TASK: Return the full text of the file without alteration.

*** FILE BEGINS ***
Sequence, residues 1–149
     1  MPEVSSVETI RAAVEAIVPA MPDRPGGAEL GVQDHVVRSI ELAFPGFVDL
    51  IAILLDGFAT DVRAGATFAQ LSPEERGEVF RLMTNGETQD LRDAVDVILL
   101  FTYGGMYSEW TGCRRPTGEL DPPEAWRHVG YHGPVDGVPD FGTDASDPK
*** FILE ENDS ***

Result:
Sequence, residues 1–149
     1  MPEVSSVETI RAAVEAIVPA MPDRPGGAEL GVQDHVVRSI ELAFPGFVDL
    51  IAILLDGFAT DVRAGATFAQ LSPEERGEVF RLMTNGETQD LRDAVDVILL
   101  FTYGGMYSEW TGCRRPTGEL DPPEAWRHVG YHGPVDGVPD FGTDASDPK